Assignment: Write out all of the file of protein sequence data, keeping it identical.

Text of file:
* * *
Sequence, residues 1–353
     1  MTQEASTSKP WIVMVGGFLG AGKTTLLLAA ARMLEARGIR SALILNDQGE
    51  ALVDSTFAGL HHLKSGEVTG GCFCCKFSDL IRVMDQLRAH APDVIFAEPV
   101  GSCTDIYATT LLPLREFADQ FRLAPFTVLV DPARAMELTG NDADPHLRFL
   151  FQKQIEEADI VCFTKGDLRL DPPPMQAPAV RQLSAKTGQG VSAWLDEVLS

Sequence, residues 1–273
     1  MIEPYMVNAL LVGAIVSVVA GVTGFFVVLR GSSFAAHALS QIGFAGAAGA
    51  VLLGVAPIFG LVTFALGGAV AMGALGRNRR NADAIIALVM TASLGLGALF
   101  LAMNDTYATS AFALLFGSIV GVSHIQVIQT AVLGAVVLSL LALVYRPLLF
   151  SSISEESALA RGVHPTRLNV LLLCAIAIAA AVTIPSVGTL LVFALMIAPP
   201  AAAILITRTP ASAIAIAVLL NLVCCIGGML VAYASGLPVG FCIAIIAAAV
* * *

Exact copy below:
Sequence, residues 1–353
     1  MTQEASTSKP WIVMVGGFLG AGKTTLLLAA ARMLEARGIR SALILNDQGE
    51  ALVDSTFAGL HHLKSGEVTG GCFCCKFSDL IRVMDQLRAH APDVIFAEPV
   101  GSCTDIYATT LLPLREFADQ FRLAPFTVLV DPARAMELTG NDADPHLRFL
   151  FQKQIEEADI VCFTKGDLRL DPPPMQAPAV RQLSAKTGQG VSAWLDEVLS

Sequence, residues 1–273
     1  MIEPYMVNAL LVGAIVSVVA GVTGFFVVLR GSSFAAHALS QIGFAGAAGA
    51  VLLGVAPIFG LVTFALGGAV AMGALGRNRR NADAIIALVM TASLGLGALF
   101  LAMNDTYATS AFALLFGSIV GVSHIQVIQT AVLGAVVLSL LALVYRPLLF
   151  SSISEESALA RGVHPTRLNV LLLCAIAIAA AVTIPSVGTL LVFALMIAPP
   201  AAAILITRTP ASAIAIAVLL NLVCCIGGML VAYASGLPVG FCIAIIAAAV